The appraiser will evaluate the land, the construction quality, and the finished property’s functionality.

To smooth out this process, ensure your builder has a detailed list of all construction materials and costs, as well as any unique features that might add value.

Investing in insulation and weatherproofing would gather additional points while the appraisal takes place.

Potential Challenges and How to Overcome Them

  • Finding a Willing Lender: Not all lenders are familiar with barndominium financing, which can be as frustrating as trying to order a vegan meal at a barbecue joint. Overcome this by shopping around and considering local banks or credit unions that understand the local market.
  • Meeting Loan-to-Value Ratios: Because of the unique nature of barndominiums, some lenders might be conservative in their appraisals, affecting your loan-to-value ratio. You might need to put down a larger down payment to meet these requirements.
  • Navigating Zoning and Building Codes: Local regulations can be as confusing as trying to decipher an ancient map. Before you start, check with your local building department to ensure your barndominium project complies with all zoning and building codes.
  • Insurance: Finding insurance for a barndominium can be tricky since not all companies offer policies for them. You might need to talk to several agents or look for companies specializing in non-traditional homes.

Barndominium builders & contractors

Selecting the right builder for your barndominium project is a lot like picking the best quarterback for your fantasy football team. You want someone who’s not only got the skills but also understands your game plan and can execute it flawlessly. When it comes to barndominiums, this choice becomes even more crucial because you’re stepping into a realm where traditional homebuilding meets customized, multifunctional living spaces.

Barndominium builders

Selecting the Right Builder for Your Project

First off, start by scouting. Just like you wouldn’t pick a quarterback without checking their stats, don’t choose a builder without doing your homework. Look for builders with experience specifically in barndominiums. This niche requires a blend of skills that can handle both the robust, industrial aspects of a barn and the nuanced, comfortable elements of a home.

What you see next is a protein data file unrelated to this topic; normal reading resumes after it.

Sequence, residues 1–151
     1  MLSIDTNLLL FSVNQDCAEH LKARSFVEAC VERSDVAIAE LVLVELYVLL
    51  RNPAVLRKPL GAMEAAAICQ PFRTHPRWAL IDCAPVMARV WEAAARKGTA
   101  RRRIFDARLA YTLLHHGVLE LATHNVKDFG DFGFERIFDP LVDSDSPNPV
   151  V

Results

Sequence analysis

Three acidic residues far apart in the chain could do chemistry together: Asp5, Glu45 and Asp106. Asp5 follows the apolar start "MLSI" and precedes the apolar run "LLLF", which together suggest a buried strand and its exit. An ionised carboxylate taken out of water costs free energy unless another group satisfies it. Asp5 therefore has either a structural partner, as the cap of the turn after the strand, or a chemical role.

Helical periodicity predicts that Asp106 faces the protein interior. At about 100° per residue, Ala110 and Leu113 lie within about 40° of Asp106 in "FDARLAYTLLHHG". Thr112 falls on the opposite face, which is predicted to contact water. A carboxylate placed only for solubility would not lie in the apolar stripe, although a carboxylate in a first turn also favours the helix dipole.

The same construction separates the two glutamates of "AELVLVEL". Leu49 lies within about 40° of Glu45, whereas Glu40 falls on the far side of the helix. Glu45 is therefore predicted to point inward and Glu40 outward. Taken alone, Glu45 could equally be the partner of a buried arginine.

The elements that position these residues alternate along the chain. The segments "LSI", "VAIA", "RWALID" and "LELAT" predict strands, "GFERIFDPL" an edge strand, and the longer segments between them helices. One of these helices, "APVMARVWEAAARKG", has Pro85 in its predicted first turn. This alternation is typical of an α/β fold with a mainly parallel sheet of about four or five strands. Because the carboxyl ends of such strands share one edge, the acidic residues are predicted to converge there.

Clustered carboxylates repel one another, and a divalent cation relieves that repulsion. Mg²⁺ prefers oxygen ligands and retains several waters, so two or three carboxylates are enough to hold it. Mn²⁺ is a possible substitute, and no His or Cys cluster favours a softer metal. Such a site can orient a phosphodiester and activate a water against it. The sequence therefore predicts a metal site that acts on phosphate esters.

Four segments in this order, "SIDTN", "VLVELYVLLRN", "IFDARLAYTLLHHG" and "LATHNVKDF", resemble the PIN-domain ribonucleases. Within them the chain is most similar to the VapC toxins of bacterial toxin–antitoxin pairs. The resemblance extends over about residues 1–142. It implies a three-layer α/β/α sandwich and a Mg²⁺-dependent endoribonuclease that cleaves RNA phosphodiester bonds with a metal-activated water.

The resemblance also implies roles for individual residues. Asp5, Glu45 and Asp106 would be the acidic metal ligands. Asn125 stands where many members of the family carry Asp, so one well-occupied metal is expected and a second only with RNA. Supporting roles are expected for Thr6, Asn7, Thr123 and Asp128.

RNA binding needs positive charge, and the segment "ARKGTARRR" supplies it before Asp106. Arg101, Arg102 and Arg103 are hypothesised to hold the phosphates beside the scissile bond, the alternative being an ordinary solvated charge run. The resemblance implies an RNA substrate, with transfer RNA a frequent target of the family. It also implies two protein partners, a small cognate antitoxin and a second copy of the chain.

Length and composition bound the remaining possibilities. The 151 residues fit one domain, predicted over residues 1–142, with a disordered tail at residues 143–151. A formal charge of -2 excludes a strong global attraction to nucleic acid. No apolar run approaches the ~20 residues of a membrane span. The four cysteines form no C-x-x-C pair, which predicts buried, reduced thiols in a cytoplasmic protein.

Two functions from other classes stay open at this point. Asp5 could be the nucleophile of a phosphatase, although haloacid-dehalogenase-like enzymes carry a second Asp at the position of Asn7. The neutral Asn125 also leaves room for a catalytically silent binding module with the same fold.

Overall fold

Ask for portfolios of completed projects and, if possible, references. Contacting past clients can give you insight into how the builder manages communication, timelines, and budget constraints. Think of it as watching game tapes before the big draft.

Consider their expertise in integrating modern amenities into these unique spaces. Your builder should be well-versed in the latest building codes and energy efficiency standards, ensuring your barndominium is not only stylish but also sustainable and compliant.

The Role of Builders in the Financing Process

Builders play a pivotal role in the financing process, somewhat akin to a quarterback calling audibles. They can significantly influence the approval of your construction loan. Lenders often require detailed construction plans, cost estimates, and a timeline for completion before they green-light your financing. A seasoned builder will provide these, presenting your project as a sound investment to the lender.

Moreover, some builders have established relationships with local banks and credit unions. They can introduce you to financial institutions familiar with funding barndominium projects, which can be a game-changer. Think of it as having a quarterback with an inside line to the referee.